In the small New South Wales coastal town where I am staying over the New Year period, there is a rugby field.
It is similar to any rugby field in small country towns across the globe. Established well over a century ago, built by the generosity of generations, the soil is fertilised by blood, sweat and camaraderie.
Each day over the past week as I walked to the beach for an early morning surf it has been impossible to miss the lone muscular figure working out at the old ground.
Shirtless in the heat of the morning sunshine, his highly athletic physique told me he was a rugby player. I watched as he completed a well-constructed session of agility, footwork and sprints before he started his kicking practice.
As a chorus of camouflaged cicadas croaked out a wall of noise from the gum trees that surrounded the old ground and a family of late-rising kookaburras laughed out their morning territorial rights, our ‘little mate’ – wearing old school black boots – was joyously in the grind of chasing his dream. Torpedo bombs and 50-20s kicks were on his skills ‘to do list” for today.
Every second day he was out there, doing his workout before the sun delivered its peak heat. By the look of his build, every other day he was lifting tin in a gym. Not bodybuilding, but science-based power and strength training.
On the fourth day I saw him practising I waited until he had finished his exhaustive session, then walked over to say g’day.
He was a polite and courteous young man. He told me he had a training contract with a National Rugby League club. A country boy seeking his opportunity.
Training contracts are notoriously stingy. Sometimes there is no pay at all, just the chance to be taught by highly knowledgeable coaches and learn as fast as humanly possible from the gifted professional players that surround you in the hope of showing the head coach that you have what it takes to make it in the big time of the NRL.
A carpenter by profession, he had a supportive boss who gave him as much time off as he needed to hunt down his big dream. Time off but no pay.
I had never met him before, but I know his type very well. The American basketball coach Rick Pitino describes them as a ‘PhD players’. Not doctors of philosophy but Poor, Hungry and Driven.
They are the teammate that every player wants at their shoulder. The dedicated trainer who maximises whatever talent that the genetic lottery provided them with. The obsessive competitor who meticulously prepares for every match. The fighter who will never concede, no matter the circumstance. The mongrel dog, with fur standing erect alone the ridge of their spine, who will never back down from a scrap.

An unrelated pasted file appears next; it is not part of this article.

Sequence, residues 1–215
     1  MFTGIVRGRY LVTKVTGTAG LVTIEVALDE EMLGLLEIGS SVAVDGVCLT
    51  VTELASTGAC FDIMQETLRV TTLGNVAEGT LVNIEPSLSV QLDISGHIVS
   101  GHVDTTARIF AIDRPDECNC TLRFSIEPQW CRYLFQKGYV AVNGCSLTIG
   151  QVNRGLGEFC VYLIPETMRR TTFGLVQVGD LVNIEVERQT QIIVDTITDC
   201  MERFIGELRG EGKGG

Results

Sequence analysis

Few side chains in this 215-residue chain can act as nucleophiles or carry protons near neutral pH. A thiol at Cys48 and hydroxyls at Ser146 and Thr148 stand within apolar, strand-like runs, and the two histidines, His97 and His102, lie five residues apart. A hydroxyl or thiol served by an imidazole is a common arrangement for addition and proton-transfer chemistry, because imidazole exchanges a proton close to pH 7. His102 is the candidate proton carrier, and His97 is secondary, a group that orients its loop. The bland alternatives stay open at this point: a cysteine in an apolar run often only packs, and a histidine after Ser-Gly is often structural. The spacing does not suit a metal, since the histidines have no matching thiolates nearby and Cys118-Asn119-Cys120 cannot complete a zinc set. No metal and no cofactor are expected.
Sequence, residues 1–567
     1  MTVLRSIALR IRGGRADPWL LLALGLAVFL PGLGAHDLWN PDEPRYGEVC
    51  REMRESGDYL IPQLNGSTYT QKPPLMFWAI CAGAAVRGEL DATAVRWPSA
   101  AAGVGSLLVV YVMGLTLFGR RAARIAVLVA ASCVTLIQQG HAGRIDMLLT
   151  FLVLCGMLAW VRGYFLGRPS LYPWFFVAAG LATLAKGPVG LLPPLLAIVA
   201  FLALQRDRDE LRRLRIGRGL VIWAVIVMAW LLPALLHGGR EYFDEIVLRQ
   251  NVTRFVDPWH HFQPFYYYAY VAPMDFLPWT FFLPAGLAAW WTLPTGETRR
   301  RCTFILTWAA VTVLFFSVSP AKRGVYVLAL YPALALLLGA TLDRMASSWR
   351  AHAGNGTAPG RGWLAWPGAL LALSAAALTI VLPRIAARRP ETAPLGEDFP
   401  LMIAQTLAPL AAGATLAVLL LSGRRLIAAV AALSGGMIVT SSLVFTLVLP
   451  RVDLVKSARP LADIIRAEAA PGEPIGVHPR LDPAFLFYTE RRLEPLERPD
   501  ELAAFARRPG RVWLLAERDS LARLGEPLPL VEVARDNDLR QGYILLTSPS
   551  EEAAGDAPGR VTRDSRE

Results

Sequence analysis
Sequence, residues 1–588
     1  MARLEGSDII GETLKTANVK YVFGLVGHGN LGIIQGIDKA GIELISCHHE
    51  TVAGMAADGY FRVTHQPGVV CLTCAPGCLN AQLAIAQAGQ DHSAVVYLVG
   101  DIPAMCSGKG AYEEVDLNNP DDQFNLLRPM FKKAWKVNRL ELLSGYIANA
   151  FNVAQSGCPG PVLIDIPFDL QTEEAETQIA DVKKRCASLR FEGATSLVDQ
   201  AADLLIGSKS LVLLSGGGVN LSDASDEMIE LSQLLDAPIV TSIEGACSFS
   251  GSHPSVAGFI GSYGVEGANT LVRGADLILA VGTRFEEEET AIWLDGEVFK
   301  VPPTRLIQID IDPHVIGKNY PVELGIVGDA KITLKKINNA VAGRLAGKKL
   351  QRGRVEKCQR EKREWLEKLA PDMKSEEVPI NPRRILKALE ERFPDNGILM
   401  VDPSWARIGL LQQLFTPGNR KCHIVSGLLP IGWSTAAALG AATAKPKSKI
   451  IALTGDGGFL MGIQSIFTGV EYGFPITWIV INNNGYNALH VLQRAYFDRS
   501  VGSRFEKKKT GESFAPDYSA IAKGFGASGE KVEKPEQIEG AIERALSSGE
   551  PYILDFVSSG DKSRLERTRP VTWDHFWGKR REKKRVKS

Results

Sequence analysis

They may not be the most talented player on the team roster, but they are the type of player that every coach wants to have in their squad. Tough, trustworthy and, in my experience, fiercely loyal to the team and to their coach who provided them with the opportunity.
Preseason training for the rugby codes in Australia starts in November, then takes a break over the Christmas and New Year period, before another six weeks block across January and February.
When I asked him why he was training with such intensity at a time of year when he was supposed to be on a break, he just smiled and murmured: “There are no days off for me”.
Quite often the best junior players don’t make it to the top because they don’t develop in their youth the work ethic required to reach the pinnacle of their sport. Talent is essential for success but by itself, undeveloped and uneducated, it will fail.
Every successful rugby player learns how to grow their intangible spiritual skills. Practising with meticulous and deliberate care, repetition builds the strong mental grit necessary to endure in a gladiatorial sport. With an icy determination, players learn how to become high-quality professionals. They learn how to do whatever it takes to not only get the jersey but to wear it and win.
This young man was growing the essential personal leadership traits required to master his craft that every successful player must acquire.
As the great mind skills coach Ali McCaw puts it: “Under pressure you never become your aspirations. You become your worst habits. So build habits of excellence.”
When the clutch play is required and the pressure is at its maximum, the ingrained habits players learn on the practice field will surface in the game. If your personal standards at practice are not high enough, then your performance will reflect that.
You will play like you train. So you must train how you want to play.
Under the blazing Australian sunshine, this young man was building his own excellent habits that hopefully would stand to him when it came his time to perform under pressure.
If selected in the final 30 contracts of an NRL club, the minimum wage is $150,000 a year. At his club there is one contract remaining vacant for the 2023 season. He believes that if he can perform outstandingly during January’s practice sessions he can earn that last precious piece of paper.
We shook hands and I wished him luck, but we both knew that luck would have nothing to do with his success or failure.
He got into his car and drove off to a building site to do a day’s work to earn some money. Next Monday he will head back to train with his club to be judged on his skills, work ethic, contribution to the team’s culture, mental strength and leadership.
All the essential habits that he had been practising, with rigorous determination over his supposed holidays.
As he said, for those who want to make it, there are no days off.